It’s 4am, Friday 8th February. I’m wide awake so I’ve just picked up my laptop to blog. It’s been just over 8 months since I resigned. I didn’t want to name the hospital I was over-worked at so I’d referred to it as Hospital X, but since it’s come out in the media I’ll use it by name: Bankstown.
[This is a follow up article to my story here.]
After I had put in my resignation, I knew I still had to see out the minimum 4 weeks. After I got home I flopped onto my bed. THANK GOODNESS. I lay there for a while looking at the ceiling. I felt an instant sense of relief, and my very first thought was, I can’t wait to get back into running and go to the gym again. I can go to bed tonight with my phone turned off… oh the bliss of that… On Saturday, I couldn’t, and didn’t, get out of bed at all. My body could not move and I had this massive headache, similar to what people experience after a hangover. This headache would continue for weeks afterwards.
On Sunday morning, I knew that I couldn’t see out the final four weeks. I was tired down to my bones. I was still so exhausted from my 24-day stint but I knew that I couldn’t possibly go back to Bankstown anymore.. so I went there with a suitcase. I unpacked my locker, took my books from the office bookshelf but left a few textbooks behind as a gift for the other junior registrars, and completed my final timesheet.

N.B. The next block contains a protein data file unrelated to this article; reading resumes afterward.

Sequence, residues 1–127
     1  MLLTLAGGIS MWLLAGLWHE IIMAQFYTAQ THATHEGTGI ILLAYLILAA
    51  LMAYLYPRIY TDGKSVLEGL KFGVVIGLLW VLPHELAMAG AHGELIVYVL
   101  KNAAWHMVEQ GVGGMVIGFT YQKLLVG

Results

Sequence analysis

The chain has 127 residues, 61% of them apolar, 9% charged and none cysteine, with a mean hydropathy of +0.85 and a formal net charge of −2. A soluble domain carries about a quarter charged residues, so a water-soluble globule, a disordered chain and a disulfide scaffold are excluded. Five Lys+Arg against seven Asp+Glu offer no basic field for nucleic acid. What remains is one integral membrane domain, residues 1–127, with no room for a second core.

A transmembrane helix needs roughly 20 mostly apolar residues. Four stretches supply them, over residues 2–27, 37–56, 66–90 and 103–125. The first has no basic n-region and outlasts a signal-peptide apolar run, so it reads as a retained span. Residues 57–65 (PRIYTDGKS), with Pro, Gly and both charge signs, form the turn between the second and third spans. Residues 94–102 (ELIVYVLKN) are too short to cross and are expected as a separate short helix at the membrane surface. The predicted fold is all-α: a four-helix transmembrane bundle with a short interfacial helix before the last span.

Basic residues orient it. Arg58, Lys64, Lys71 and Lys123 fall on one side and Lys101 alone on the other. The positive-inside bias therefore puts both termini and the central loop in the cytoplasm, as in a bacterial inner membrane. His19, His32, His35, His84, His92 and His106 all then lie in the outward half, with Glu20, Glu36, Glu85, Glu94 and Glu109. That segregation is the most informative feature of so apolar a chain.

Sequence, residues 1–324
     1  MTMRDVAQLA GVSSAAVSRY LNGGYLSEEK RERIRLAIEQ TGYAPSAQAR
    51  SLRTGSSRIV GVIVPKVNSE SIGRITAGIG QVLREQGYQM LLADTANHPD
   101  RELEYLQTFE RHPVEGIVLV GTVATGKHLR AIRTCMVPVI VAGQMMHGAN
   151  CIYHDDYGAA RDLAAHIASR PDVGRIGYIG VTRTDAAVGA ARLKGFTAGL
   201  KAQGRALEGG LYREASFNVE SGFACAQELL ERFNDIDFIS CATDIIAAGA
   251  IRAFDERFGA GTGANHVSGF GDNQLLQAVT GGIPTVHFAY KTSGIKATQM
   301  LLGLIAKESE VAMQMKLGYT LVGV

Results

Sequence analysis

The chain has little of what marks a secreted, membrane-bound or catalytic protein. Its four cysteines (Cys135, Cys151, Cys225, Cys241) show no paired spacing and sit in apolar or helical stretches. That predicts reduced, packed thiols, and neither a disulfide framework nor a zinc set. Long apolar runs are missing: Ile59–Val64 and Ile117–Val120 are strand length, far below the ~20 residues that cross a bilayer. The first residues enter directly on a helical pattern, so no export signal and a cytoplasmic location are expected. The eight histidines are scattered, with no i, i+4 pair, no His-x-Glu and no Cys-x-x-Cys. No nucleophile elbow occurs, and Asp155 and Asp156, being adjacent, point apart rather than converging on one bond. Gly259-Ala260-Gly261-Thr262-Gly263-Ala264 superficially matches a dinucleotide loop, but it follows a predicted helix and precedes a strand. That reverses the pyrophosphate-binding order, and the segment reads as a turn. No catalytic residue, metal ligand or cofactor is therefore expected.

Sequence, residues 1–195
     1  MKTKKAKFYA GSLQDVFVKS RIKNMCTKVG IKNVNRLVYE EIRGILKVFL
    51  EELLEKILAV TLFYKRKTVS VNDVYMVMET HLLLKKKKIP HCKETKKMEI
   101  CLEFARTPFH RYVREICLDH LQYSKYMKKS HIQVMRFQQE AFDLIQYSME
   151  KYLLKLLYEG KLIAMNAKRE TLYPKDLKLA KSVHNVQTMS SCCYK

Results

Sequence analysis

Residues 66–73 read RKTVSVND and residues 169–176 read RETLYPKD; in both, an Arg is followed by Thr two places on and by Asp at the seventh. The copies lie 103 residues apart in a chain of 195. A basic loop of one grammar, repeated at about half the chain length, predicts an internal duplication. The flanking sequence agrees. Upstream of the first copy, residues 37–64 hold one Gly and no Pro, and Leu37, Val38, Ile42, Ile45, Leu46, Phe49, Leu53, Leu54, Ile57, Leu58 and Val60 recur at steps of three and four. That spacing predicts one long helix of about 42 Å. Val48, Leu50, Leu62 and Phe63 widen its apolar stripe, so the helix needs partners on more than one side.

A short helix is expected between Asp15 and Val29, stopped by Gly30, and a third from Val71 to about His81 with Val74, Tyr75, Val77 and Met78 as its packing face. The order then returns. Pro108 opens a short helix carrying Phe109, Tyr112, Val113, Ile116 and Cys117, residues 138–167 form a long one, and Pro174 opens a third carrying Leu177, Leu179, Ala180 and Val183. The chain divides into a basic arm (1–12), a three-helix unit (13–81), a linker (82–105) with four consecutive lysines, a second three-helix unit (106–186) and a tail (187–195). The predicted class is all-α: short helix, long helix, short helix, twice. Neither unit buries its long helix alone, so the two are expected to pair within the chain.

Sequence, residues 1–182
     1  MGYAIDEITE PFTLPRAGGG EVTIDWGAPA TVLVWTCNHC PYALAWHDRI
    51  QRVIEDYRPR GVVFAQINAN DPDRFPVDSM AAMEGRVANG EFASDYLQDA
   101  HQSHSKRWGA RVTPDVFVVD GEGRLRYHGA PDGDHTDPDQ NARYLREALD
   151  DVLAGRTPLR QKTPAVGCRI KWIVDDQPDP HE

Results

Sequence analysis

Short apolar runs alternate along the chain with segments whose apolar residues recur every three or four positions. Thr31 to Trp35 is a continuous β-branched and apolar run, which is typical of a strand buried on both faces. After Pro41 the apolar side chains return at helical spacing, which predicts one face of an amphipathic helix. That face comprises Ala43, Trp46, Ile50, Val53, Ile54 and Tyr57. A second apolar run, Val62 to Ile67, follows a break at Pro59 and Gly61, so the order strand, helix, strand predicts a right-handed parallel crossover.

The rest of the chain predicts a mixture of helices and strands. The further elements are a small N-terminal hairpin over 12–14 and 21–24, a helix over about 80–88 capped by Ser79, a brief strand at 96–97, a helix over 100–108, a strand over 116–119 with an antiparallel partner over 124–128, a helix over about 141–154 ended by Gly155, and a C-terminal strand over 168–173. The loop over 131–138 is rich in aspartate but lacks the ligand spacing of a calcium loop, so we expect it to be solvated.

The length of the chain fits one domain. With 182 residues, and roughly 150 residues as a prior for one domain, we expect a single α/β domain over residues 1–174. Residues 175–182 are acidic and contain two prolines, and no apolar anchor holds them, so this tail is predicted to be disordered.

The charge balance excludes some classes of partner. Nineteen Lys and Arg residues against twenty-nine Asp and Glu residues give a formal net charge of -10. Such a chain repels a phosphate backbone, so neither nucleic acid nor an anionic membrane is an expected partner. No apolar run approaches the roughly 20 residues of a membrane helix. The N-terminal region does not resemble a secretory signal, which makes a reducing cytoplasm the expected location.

Awkwardly, the other registrar walked in whilst I was doing this. “Is it true that you’ve resigned?” he asked. I replied, “yes”. He asked what I was doing there, and I told him I was doing my time sheet, conscious of the fact that my suitcase was standing there between us. “But what about the training program?” he asked. “You’re going to look really bad to the bosses,” he continued. “I don’t care anymore,” I said, as I stared blankly at the computer screen in front of me. We had this whole conversation without looking at each other.
After he had left the office, I quickly gathered all of my things and left Bankstown Hospital for the very last time. Bye, Bankstown. I thought about Mr B as I left the building. I’m so sorry Mr B… It won’t be me doing your dressings on Monday… but I know that your finger has improved to the point where you don’t need me anymore. You will be fine by whomever will look after you from now on…
I felt so bad that it wouldn’t be me greeting him on Monday morning. I messaged my intern to keep me updated on Mr B. Please just let me know that his finger is continuing to get better. That’s all I wanted to know. I let the team know on Monday morning that I couldn’t come in because I was still so exhausted. I went to my GP and collapsed onto her desk. I was in tears and told her that I put in my resignation with the minimum 4 weeks’ notice… but I don’t think I can do the 4 weeks.